Back to prior page            Go to next page



(Courtesy of Nancy Sheffield Baxter)
Sol 'Tex' Williams

Real name:
Sollie Paul Williams

1917 - 1985


Sol 'Tex' Williams was born in Ramsey, Illinois.  In the 1940s, 'western swing' music was at its peak, and among the more popular performers were Bob Wills and Spade Cooley.  Tex Williams was the lead vocalist and guitar player with Cooley's band, and he and several of the members left to form an outfit called 'Tex Williams and the Western Caravan' around 1946.  Their biggest hit, "Smoke! Smoke! Smoke (That Cigarette)" came out a couple years later.  "Smoke" was written by Merle Travis for Williams, and was Capitol Records first million seller.

Earlier, Williams had done some tunes in a couple of sagebrush yarns --- as a member of 'The Big Slicker Quartet' and lead singer in Buster Crabbe's DEVIL RIDERS (PRC, 1943) and an unbilled singer in The Texas Rangers' FIGHTING VALLEY (PRC, 1943).

Universal cancelled the Johnny Mack Brown B westerns in the early 1940s.  They tried a few more oater series starring the likes of Rod Cameron and Kirby Grant, but Universal lost interest in doing cowboy films and opted to phase themselves out of the B western programmer.  In 1949, Universal, then calling itself Universal-International, began a series of musical featurettes (shorts) starring Tex Williams, along with Deuce Spriggins and Smokey Rogers.

As expected, the musical portions were all new.  But most of the action was from stock footage: when Williams rode a palomino, Universal used material from their Johnny Mack Brown films; when Williams rode a paint, Universal added liberal doses of action culled from the 1937-1939 Bob Baker adventures.

Pure guess on my part, but the studio may have felt that the Williams shorts would lure western swing fans to theaters in the South and West.  Secondly, TV had arrived, and perhaps Universal was feel a negative impact at the box office.

The Williams musical featurettes weren't the first of their kind. Ray Whitley sang his way through eighteen shorts at RKO which were released from 1938-1942 - these were churned out while Whitley was at RKO doing sidekick duties with George O'Brien and Tim Holt.

By 1951, and after less than a dozen shorts were released, Universal dropped the series.  Les Adams notes that Universal-International also took most of the Williams musical featurettes, pasted two of them together, and sent them back out again as features titled TALES OF THE WEST (Numbers 1-2-3-4).

The "Smoke! Smoke! Smoke" singer had suffered from a year long battle with cancer and had been hospitalized several times, including surgery to remove his bladder. He passed away due to kidney failure at the Newhall (California) Community Hospital on October 11, 1985.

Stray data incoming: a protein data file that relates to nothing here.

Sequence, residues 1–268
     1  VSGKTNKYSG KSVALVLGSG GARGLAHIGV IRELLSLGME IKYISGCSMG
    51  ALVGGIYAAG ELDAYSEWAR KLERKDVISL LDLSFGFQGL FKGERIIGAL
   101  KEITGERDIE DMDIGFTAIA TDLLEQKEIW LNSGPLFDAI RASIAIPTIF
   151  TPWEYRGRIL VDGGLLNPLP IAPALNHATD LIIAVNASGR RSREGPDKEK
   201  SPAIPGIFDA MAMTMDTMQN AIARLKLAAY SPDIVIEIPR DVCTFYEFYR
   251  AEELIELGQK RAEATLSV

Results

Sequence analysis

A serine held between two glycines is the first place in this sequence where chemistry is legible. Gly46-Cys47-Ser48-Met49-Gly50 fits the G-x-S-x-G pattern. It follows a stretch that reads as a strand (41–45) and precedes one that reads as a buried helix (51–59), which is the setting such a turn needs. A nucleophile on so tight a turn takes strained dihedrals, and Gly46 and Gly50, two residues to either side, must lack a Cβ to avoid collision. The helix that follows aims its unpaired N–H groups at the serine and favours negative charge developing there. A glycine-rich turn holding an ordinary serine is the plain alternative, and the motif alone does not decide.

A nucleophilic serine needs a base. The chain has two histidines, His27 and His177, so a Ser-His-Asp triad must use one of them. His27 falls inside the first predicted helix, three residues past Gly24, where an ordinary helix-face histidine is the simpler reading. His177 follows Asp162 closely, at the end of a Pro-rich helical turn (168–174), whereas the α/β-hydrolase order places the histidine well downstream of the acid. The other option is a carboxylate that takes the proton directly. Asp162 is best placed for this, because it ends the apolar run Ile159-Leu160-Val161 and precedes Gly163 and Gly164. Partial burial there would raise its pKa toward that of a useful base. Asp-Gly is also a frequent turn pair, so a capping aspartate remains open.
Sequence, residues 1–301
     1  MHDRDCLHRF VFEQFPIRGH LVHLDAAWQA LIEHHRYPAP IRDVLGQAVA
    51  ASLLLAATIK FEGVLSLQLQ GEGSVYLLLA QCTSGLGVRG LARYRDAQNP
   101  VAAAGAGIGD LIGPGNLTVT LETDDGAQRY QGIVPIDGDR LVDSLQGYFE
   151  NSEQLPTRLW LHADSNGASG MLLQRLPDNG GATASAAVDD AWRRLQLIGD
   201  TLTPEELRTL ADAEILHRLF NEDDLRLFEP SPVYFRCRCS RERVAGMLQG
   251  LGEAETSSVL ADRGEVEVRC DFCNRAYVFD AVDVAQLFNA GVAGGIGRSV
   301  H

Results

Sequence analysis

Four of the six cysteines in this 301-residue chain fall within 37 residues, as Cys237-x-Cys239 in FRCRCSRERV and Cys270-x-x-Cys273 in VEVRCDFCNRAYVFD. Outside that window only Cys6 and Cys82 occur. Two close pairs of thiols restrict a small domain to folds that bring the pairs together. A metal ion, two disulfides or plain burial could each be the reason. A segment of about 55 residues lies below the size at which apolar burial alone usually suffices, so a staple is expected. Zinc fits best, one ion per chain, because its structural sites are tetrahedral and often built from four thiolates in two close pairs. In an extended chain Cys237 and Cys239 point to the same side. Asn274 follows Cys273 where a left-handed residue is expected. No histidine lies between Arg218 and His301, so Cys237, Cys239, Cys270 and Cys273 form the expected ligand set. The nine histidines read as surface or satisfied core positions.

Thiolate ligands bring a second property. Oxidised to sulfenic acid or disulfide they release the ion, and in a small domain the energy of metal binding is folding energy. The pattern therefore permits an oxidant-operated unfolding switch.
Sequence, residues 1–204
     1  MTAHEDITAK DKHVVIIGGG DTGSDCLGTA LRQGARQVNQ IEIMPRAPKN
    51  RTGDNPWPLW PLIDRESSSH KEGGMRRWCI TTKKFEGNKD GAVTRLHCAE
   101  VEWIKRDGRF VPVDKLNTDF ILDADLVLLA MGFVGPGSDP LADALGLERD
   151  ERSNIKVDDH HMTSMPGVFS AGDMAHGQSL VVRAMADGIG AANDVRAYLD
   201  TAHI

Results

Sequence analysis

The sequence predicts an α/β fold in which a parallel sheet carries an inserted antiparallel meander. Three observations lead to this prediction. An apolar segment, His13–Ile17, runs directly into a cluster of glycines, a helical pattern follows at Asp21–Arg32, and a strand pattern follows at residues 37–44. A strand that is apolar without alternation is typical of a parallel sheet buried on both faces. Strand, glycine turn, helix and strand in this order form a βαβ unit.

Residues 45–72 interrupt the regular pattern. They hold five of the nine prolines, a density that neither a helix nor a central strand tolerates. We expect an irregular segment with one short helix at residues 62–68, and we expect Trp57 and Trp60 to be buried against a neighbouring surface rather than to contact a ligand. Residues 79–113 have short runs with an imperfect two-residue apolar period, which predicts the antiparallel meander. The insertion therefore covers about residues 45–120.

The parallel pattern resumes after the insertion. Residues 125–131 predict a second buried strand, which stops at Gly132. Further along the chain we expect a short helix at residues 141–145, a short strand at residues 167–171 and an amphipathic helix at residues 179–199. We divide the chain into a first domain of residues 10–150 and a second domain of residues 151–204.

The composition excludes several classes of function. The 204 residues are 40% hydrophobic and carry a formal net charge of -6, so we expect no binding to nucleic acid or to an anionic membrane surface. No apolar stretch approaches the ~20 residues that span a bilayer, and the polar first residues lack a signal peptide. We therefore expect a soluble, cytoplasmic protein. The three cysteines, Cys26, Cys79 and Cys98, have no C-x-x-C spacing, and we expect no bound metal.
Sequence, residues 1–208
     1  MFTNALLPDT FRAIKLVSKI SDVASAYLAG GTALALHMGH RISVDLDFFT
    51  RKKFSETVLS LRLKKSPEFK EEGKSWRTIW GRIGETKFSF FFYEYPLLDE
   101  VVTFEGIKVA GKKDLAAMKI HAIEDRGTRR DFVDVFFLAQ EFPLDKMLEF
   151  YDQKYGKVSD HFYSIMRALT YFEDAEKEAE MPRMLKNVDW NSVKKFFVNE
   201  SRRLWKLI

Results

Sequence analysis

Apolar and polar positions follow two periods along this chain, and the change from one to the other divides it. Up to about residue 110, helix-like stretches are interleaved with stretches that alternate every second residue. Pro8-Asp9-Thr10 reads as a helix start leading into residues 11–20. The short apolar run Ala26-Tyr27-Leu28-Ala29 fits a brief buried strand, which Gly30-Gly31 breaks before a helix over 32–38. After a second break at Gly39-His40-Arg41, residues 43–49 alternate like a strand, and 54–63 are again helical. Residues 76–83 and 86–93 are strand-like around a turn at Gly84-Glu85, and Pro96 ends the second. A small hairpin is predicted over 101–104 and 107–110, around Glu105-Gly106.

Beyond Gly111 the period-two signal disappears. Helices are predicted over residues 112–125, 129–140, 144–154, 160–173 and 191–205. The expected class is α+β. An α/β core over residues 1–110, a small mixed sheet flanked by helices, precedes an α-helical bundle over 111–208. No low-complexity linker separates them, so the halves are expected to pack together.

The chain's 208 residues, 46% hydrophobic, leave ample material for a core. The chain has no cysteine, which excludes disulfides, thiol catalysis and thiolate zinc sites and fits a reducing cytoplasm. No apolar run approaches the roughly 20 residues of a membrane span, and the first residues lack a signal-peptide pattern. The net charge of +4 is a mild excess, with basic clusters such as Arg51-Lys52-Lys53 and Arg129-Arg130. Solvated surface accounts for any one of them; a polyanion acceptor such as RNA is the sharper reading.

Williams' impact as a cinema range hero was of minor importance, as he rode across the screen in the waning days of the B oater.  However, Tex had a good voice, and if he had made films a dozen years earlier, he might have developed into a popular singin' cowboy.

Received an e-mail in 2001 that a relative of Tex was planning a Tex Williams Museum in Ramsey, Illinois - on the next webpage, there's info on Hugh Craig of Ramsey, Illinois and the museum.

  Although some of the data is incomplete or inaccurate, the Internet Movie Database (IMDB) has information on Tex Williams: http://us.imdb.com/name/nm0931793/

Jim Tipton's Find A Grave website has a photo of the grave marker for Tex Williams at the Eternal Valley Memorial Park, Newhall, California: http://www.findagrave.com/cgi-bin/fg.cgi?page=gr&GRid=3576

There's a variety of Tex Williams songs on YouTube: http://www.youtube.com/results?search_query=%22tex+williams%22&oq=%22tex+williams%22&aq=f&aqi=g10&aql=&gs_sm=e&gs_upl=3026l6242l0l6713l14l14l0l0l0l0l236l1900l5.7.2l14l0



Let's use ample amounts of stock footage to keep the costs down!

As mentioned above, Tex sometimes rode a palomino and wore a costume like Johnny Mack Brown so that Universal could utilize footage from their earlier JMB oaters. In other shorts, Williams rode a paint and wore a Bob Baker uniform, so that Bob Baker stock footage could be utilized.

Below is an example with both Baker and Williams wearing buckskins and a light colored hat.


(Courtesy of Les Adams)

Above is singing cowboy Bob Baker serenading Cecelia Callejo in OUTLAW EXPRESS (Universal, 1938).



(Courtesy of Les Adams)

Above from left to right are Williams, Donna Martell, Deuce Spriggins, and prone is Harry Lauter in READY TO RIDE (1949). The shirt on Tex appears to be the same one that Baker wore.




(Courtesy of Les Adams)

Above is the title lobby card for Williams' SOUTH OF SANTE FE (U-I, 1949) with Tex riding a paint to match footage from Bob Baker's earlier series at Universal. Notice the spelling error - should be SantA Fe, not SantE Fe.



(Courtesy of Donna Martell and Jim Hamby)

Above still from SOUTH OF SANTE FE (U-I, 1949), and from left to right are: Forest Matthews, Smokey Rogers, Deuce Spriggins, Donna Martell and Williams.  Les Adams adds that Donna Martell appeared in six of the Williams shorts which were released from 1949-1951.



(Courtesy of Les Adams)

Above - Monte Montague jaws with Tex in a scene from FARGO PHANTOM (U-I, 1950), which used footage from Bob Baker's PHANTOM STAGE (Universal, 1939).



(Courtesy of Les Adams)

Above from left to right are Deuce Spriggins, Tex Williams and Smokey Rogers.



Back to prior page            Go to next page